The album also brought Tony Rice into the fold. “I was over at the home of my friends Steve and Kathi
Fox,” he recalls, “and they had Same Old Me on the hi-fi. After a few songs, I had to ask ‘Who is that?’ The more
I listened to her music that day, the more I heard in it. The idea of producing an album of hers intrigued me…As a performer, she has great flexibility. She could sit down at a really good Steinway at one venue, and the next night play guitar in front of a straight-ahead bluegrass band. This makes producing her a great challenge: you want to illuminate what is recognizable and classic about her music – to make clear her very strong ties to bluegrass – while remaining true to what is so special about Donna.”
“Shortly before Christmas of 2003,” Donna recalls, “I received a phone call out of the blue from Tony Rice. He asked if he could produce my next album…it amazed me at the time, because my car CD changer was filled with Tony Rice albums! It was such a welcome relief to get recognition from such an extraordinary musical hero, after all of my hard work.”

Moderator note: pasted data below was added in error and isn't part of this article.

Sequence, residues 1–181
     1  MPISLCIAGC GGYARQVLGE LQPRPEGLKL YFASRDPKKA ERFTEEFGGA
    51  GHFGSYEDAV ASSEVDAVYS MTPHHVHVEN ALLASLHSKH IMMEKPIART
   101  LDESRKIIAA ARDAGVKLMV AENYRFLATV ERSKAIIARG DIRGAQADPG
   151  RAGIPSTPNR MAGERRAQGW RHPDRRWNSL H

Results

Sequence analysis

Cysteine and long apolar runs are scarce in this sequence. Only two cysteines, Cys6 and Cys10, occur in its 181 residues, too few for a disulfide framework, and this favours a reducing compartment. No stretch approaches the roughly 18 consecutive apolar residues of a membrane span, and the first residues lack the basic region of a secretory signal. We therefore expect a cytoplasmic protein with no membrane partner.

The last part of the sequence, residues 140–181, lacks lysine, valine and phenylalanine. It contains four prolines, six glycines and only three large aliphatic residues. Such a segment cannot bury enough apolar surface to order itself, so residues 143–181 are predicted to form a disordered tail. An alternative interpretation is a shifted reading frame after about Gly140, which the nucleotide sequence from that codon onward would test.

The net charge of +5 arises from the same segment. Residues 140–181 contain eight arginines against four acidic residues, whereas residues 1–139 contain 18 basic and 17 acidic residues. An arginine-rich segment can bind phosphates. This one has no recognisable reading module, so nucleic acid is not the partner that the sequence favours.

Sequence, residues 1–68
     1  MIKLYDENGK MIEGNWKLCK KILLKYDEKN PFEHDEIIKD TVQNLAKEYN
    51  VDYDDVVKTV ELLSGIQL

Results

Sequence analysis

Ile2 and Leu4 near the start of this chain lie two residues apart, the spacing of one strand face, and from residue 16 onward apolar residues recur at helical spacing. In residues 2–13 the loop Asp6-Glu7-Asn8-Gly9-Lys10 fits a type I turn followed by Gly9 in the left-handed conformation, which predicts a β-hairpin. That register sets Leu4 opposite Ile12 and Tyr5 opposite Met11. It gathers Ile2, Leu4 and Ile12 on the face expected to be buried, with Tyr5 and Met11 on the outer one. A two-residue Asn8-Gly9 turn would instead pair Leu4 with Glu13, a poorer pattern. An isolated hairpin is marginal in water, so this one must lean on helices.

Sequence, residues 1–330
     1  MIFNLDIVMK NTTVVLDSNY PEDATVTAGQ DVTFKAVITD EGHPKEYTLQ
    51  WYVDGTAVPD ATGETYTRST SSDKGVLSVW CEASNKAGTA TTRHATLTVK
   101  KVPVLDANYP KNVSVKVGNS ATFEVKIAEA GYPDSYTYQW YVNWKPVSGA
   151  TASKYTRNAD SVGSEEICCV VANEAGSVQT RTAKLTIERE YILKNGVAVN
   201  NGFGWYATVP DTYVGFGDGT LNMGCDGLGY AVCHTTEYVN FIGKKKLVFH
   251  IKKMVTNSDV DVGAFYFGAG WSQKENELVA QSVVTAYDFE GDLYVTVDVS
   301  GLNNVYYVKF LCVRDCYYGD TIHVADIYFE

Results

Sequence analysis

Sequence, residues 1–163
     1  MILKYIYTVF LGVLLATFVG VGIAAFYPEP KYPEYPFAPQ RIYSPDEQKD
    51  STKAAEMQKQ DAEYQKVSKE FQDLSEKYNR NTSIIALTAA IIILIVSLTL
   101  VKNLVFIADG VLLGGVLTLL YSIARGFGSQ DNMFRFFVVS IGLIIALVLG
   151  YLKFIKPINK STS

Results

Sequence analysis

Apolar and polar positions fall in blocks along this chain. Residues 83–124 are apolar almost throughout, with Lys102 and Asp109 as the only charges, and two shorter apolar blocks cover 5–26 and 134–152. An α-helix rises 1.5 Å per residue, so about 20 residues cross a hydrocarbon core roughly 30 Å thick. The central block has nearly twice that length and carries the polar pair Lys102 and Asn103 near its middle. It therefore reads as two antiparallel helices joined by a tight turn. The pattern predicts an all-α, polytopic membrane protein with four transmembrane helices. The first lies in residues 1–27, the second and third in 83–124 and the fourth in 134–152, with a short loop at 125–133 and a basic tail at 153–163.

Despite the presence of a large selection of A-list musicians, it is Hughes’ versatility as a performer, coupled with her profound gifts as a writer, that makes Gaining Wisdom such a consistent revelation. Hughes’ songs are emotional, yet are grounded in experience and reality – making them both moving and believable. Gaining Wisdom opens with the bittersweet “One More Time,” a song reflecting upon the happier days of a fading relationship, which features the harmony vocals of Alison Krauss and Mary Chapin Carpenter. “Through the years,” Hughes says, “I was heavily influenced and inspired by the music of Alison and Mary Chapin. I never dreamed that they would one day sing on my album.” The song boasts a relaxed rhythmic groove, which Rice feels elevates the resonant poetry of Hughes’ lyrics.